Blog Challenge: Erin W.

To Cash? Or to Car Note?

Deciding to buy a car is usually one of the first real adult decisions you make as a Young and Freebie (Woot! Woot!). But after making that decision, adult reality really hits when you ask yourself: How will I buy it?

You have two options: 1) Pay cash, or 2) Pay with a car note.

Option 1: Paying Cash
Now, most people think that paying cash is always the best option. Which, I mean, it’s very legit. If you have it, by all means…

Of course, paying something and wiping your hands clean by not having to worry about a monthly payment seems more hassle free. Paying cash is pretty much like going to the grocery store, picking up a loaf of bread and some turkey meat, and paying the cashier, except, in car form.

But to buy a car outright more than likely means it’ll be used, because, let’s be real… if you had $30,000 to spare on a new car, you probably wouldn’t have to read this blog.

But even if you do “have it like that,” and have saved up a solid chunk of loot for a car, that doesn’t necessarily mean that you’re ready to let it all go at once. **Cue Frozen – Let It Go**

That’s where Option 2 comes in.

Option 2: Car Note
A car note is a little more complex than paying cash. To have a car note means that you took out a loan to purchase the car. Taking out a car loan is a fancy way to say that the bank is loaning you the money to help pay for the car. And I hate to break it to you friend, but they want their money back, plus some.

This means that every month, you’ll receive a bill, or car note, to pay the money back. Included in the bill is interest, which is basically a “thank you,” fee given to the bank for allowing you to borrow the money.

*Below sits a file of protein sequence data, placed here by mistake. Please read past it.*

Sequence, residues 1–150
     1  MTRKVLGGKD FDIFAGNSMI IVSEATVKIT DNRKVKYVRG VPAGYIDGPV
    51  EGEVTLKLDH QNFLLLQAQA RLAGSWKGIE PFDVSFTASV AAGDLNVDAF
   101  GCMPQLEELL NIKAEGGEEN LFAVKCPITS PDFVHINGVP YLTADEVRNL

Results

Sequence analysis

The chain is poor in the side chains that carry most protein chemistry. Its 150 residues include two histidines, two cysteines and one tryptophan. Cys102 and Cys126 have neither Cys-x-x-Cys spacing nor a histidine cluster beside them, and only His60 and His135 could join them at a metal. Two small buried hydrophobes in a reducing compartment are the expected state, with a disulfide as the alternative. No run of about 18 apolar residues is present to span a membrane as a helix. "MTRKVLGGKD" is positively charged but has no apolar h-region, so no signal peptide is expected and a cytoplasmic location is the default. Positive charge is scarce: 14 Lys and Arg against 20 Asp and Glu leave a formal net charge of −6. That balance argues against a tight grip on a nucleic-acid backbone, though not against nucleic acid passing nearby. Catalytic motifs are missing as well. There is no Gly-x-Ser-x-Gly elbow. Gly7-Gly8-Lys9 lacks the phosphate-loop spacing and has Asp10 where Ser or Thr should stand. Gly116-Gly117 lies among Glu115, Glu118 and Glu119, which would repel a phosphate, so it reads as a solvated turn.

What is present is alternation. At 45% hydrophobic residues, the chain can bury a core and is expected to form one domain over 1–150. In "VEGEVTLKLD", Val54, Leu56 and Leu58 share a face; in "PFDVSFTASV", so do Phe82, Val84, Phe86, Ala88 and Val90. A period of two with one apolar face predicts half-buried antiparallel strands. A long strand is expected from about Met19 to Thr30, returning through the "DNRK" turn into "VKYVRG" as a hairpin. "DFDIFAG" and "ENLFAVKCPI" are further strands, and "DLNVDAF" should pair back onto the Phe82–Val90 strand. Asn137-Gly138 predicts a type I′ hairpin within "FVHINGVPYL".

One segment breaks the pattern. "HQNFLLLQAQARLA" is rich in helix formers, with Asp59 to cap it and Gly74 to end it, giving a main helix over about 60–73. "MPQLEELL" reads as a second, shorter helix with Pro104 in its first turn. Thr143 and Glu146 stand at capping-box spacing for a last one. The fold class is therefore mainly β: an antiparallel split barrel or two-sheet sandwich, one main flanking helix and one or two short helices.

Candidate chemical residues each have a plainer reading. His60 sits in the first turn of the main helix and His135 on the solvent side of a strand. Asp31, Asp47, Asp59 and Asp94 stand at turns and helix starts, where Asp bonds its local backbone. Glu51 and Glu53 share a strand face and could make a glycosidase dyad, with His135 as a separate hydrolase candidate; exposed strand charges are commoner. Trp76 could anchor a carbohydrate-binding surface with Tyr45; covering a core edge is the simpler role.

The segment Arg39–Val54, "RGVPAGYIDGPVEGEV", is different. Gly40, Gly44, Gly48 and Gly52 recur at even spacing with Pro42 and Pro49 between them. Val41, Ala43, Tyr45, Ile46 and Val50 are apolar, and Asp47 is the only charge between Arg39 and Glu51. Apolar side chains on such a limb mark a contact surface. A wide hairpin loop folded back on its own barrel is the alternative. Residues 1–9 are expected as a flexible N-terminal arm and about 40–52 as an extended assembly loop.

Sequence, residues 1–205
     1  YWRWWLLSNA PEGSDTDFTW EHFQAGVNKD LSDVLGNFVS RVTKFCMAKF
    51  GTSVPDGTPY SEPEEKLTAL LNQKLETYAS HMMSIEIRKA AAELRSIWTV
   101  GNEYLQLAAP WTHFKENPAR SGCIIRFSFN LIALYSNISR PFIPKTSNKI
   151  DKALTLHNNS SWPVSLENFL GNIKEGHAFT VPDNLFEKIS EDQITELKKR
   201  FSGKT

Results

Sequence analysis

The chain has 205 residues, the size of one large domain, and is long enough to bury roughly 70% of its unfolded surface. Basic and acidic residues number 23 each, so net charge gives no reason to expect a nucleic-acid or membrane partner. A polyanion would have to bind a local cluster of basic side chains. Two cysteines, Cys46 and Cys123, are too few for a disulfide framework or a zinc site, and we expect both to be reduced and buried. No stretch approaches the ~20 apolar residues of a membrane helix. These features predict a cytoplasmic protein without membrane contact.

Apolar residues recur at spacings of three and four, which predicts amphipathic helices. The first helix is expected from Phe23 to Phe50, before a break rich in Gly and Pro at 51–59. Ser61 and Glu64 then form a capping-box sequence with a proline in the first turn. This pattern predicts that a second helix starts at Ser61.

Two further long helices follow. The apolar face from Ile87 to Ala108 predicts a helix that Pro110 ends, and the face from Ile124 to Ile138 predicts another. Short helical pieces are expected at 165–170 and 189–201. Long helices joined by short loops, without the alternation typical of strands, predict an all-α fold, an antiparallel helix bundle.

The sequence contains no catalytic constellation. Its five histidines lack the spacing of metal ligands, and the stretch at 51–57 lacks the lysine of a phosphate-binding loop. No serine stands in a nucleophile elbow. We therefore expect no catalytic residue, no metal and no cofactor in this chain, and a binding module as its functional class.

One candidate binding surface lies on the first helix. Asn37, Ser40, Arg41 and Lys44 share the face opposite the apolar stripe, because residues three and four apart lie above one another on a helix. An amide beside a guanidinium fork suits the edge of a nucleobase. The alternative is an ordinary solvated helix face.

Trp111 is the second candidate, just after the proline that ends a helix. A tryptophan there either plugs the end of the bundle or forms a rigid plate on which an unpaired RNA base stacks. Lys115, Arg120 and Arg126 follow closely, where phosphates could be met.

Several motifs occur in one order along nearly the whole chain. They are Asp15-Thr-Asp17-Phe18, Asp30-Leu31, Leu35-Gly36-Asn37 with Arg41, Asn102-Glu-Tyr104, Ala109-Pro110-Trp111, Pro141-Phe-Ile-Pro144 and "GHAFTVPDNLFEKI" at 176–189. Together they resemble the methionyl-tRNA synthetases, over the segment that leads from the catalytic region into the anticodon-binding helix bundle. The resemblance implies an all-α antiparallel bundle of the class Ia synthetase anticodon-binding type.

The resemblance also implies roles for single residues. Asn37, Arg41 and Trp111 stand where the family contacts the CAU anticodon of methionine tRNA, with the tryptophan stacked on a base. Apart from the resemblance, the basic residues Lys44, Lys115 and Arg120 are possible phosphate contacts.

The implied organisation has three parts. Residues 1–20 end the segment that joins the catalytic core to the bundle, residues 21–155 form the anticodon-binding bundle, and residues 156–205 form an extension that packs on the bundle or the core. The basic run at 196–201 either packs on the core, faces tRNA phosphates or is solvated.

Here are a few questions you should ask yourself if you’re wondering if a car note is the best route for you:

  1. Do you make consistent money to afford a monthly bill?
    If you’ve saved up $5,000 for a car over the years, but don’t have a job yet, this may not be the best option for you. Paying cash for a car will prevent a monthly bill (excluding gas and repairs).
  2. Do you want a brand new car?
    AKA, new car smell is a must!
  3. Is the interest rate low?
    Interest rates vary, but make sure you’re getting the lowest possible.
  4. Do you have good credit?
    Bad credit = no loan… or a very sucky interest rate.

When it comes to taking out a loan, make sure you ask yourself these questions. Basically, you want the best car for your money. If you’ve saved up $10,000 for a car, taking this option means that you may put forth a large down payment, or initial payment, to reduce the monthly car note. Or, you can pay cash and not have to worry about a bill at all.

Follow us on social media for more money tips and tricks!
@YoungFreeMI

Be Easy,
Erin